The point of writing, for most people, is to share that writing with the world. The problem is getting your writing into the hands of readers can be such an intimidating and confusing process that a lot of writers simply give up. This month’s interviewee talks about one option for sharing your writing: working with hybrid publishers.
Your Book Is Finished. Now What?
To keep your book from languishing in a drawer or on a hard drive, you have to get it out into the world. Meaning: You have to publish!
Getting a book published used to involve printing a ton of manuscript pages, paying an outrageous amount of money for postage, and waiting for months on end just to get a rejection letter. These days, you have more options. You can traditionally publish with one of the Big Five publishers or a smaller press, or you can self-publish through Amazon, other online retailers, or hybrid publishers.
Here’s a fact most new writers might not know: No matter what option you go with when you’re looking to share your work, you’re going to have to do some marketing.
When looking to publish, Gayle Woodson, author of After Kilimanjaro, went with a hybrid publisher. Depending on who you ask, “hybrid publishing” may mean different things. The company models vary, but essentially hybrid publishers combine elements of self-publication and traditional publication.
Gayle was kind enough to take time out of her busy schedule to talk with me about her experiences with the hybrid publishing company she chose, as well as offer some advice on marketing and writing in general.
Gayle is one of the first few female surgeons trained at Johns Hopkins Hospital. She became a leader in her field and has done volunteer work all over the world. Since retiring from full-time practice in 2015, she and her husband have spent two months each year teaching at a medical school in Tanzania.
The author of more than a hundred scientific articles and book chapters, she now focuses on creative writing. Her short story, “Bread and/or on Water,” won first place in the 2019 Royal Palm Literary Awards Competition of the Florida Writers Association. Her novel, After Kilimanjaro, won second place in that same 2019 RPLA and was subsequently published on October 8, 2019.
You can learn more about her on her website (and also get the first two chapters of After Kilimanjaro for free).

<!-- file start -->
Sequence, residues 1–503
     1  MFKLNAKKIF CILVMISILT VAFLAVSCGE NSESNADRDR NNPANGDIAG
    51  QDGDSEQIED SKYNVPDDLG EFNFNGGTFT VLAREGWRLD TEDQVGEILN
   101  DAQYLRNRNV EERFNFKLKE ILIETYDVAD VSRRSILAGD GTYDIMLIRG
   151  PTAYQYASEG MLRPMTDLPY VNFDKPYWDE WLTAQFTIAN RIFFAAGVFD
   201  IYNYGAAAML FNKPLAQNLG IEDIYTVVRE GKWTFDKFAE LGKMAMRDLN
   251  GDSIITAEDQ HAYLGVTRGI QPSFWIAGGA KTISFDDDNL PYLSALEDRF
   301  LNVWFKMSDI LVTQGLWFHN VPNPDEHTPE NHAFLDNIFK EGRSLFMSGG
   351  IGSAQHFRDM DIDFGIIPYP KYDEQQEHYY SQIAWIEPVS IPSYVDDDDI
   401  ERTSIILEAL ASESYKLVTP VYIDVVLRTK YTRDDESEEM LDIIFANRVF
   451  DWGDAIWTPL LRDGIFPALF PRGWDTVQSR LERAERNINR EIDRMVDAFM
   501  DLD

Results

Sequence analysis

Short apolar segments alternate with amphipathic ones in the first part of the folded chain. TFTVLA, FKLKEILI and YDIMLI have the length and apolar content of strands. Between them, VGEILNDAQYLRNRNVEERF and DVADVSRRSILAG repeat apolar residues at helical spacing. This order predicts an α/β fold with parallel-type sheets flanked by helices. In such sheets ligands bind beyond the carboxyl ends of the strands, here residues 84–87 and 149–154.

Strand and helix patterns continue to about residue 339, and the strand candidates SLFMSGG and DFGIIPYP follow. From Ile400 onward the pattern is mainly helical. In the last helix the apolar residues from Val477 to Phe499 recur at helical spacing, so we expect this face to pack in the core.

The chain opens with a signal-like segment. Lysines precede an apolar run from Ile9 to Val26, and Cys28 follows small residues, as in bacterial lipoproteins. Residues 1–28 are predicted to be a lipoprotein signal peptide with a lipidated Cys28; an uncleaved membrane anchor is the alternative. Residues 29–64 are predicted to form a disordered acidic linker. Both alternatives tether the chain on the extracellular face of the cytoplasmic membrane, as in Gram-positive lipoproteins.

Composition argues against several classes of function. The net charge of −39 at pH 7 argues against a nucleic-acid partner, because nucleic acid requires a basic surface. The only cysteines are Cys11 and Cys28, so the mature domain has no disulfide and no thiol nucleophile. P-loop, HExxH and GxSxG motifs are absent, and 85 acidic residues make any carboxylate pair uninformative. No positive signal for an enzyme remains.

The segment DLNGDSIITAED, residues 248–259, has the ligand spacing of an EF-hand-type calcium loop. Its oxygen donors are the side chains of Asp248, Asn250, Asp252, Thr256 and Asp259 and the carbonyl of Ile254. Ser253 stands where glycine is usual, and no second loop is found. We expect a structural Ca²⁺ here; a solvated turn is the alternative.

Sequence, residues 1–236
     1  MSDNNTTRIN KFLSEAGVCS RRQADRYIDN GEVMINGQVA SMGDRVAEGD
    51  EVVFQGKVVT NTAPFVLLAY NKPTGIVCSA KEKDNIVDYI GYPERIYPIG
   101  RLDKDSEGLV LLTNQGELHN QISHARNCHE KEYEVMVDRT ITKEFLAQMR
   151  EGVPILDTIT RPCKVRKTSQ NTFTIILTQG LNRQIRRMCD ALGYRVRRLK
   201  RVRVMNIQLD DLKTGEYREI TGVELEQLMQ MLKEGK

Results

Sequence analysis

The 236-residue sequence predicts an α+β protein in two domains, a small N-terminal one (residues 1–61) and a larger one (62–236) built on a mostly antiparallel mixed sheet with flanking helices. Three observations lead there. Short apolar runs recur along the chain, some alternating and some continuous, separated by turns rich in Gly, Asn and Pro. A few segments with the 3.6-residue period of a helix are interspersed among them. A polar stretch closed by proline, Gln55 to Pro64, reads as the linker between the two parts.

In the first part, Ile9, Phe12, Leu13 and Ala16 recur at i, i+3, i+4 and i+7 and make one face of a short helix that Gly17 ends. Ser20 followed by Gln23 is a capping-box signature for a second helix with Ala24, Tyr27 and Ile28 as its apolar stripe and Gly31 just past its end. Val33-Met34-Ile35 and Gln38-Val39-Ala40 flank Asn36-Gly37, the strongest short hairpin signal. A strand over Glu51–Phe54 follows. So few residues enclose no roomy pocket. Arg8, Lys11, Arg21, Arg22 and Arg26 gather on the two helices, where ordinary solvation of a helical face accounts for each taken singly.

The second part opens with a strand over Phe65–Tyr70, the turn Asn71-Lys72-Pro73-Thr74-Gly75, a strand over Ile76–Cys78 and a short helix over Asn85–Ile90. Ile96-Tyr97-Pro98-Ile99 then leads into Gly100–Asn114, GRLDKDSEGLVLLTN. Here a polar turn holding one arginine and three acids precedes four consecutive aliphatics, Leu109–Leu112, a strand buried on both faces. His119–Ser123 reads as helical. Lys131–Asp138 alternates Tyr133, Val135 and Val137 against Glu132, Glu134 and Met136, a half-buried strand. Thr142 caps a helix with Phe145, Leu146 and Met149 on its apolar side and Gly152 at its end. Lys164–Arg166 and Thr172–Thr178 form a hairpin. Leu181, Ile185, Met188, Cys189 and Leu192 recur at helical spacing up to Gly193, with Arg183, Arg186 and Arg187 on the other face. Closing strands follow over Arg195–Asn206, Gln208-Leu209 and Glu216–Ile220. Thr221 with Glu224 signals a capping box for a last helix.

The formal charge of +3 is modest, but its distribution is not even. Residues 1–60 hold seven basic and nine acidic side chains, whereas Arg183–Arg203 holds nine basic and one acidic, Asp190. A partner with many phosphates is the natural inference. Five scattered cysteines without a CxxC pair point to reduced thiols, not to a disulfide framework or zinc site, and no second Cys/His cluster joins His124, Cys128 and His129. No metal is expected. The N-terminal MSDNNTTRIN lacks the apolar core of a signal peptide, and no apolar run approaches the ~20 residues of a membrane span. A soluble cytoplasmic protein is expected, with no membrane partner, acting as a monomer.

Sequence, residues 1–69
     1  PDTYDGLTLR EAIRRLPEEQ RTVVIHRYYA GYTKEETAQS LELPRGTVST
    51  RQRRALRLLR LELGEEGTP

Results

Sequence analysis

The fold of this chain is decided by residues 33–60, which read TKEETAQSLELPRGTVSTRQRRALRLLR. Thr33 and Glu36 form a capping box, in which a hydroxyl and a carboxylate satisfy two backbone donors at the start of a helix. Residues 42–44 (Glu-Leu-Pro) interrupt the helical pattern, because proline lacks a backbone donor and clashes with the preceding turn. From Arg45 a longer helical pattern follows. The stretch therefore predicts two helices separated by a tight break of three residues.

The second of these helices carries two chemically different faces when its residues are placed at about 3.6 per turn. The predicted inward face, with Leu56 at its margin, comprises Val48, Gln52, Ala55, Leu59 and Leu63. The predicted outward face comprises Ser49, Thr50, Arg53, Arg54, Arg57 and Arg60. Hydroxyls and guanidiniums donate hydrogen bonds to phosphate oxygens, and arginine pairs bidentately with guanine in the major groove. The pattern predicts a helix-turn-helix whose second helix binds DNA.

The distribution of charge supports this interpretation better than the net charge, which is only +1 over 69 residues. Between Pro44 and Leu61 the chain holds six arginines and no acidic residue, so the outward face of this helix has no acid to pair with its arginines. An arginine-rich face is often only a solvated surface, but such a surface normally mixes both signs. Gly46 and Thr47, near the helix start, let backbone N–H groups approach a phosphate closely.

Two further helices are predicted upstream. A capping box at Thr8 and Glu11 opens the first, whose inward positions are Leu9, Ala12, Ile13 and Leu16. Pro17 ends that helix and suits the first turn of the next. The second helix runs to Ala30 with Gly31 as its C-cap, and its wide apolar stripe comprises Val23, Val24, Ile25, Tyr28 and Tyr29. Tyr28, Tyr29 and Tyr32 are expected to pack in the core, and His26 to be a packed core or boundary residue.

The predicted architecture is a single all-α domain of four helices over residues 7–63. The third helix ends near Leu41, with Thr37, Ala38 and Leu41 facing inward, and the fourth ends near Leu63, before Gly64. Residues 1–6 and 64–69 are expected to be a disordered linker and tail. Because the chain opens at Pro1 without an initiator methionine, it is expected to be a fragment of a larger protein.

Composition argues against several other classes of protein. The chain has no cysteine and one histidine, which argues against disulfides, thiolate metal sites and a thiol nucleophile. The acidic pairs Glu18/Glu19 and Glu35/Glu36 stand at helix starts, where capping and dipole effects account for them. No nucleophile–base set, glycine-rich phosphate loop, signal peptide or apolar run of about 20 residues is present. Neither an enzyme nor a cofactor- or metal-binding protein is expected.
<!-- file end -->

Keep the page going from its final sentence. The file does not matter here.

Meet Gayle Woodson
This interview has been a long time coming. I’m so glad I’m finally getting to talk about your book! So tell me a little about After Kilimanjaro. What inspired you to write this book?
My husband and I have done so much volunteer work in Tanzania that it has become a second home for us. I spent the first six weeks of retirement in Africa. I had made several false starts at writing a novel and resolved to finally see achieve that goal.
This story just flowed out of me. I wanted to share my love of Tanzania and my respect for its people.
How to Research a Place (When You Haven’t Spent Time There)
It was easy to describe daily life in cities and towns, and we have done all the touristy things in this country; however, my understanding of life in remote areas was minimal.
We had visited one mountain village, which became the model for the village in my book. To flesh out my account of life there, I read memoirs of missionaries and talked to my sister, who had done anthropology research in rural Liberia.
My story also dealt with some medical issues that lay outside of my field of practice, so I reviewed medical literature and information from the Health Ministry of Tanzania. In my prior career, it was easy for me to review the medical literature, since I have published more than a hundred scientific articles and book chapters, authored textbooks, and served on the editorial board of several journals.
Working with Hybrid Publishers
You decided to go with a hybrid publisher. For those that don’t know, can you explain a bit about what hybrid publishing means? Why did you decide to go with hybrid publishing instead of self-publishing? Did you look at getting an agent and going with a traditional publisher at any point?
Hybrid publishing is essentially assisted self-publication. A traditional publisher assumes all the financial risk of publication and pays royalties to the author. (The author usually gets an advance payment as well.) A hybrid publisher may share some of the risk with the author.
The exact arrangement varies, but the author usually pays for the costs of printing and editing, and the publisher may charge other fees. Ultimately, the author receives a higher percentage of royalties.
I pursued traditional publishing for two years without success. I sent out queries, attended writers’ conferences, and paid for interviews with agents. I got a few nibbles: agents who looked at my work but concluded it was not what they were looking for.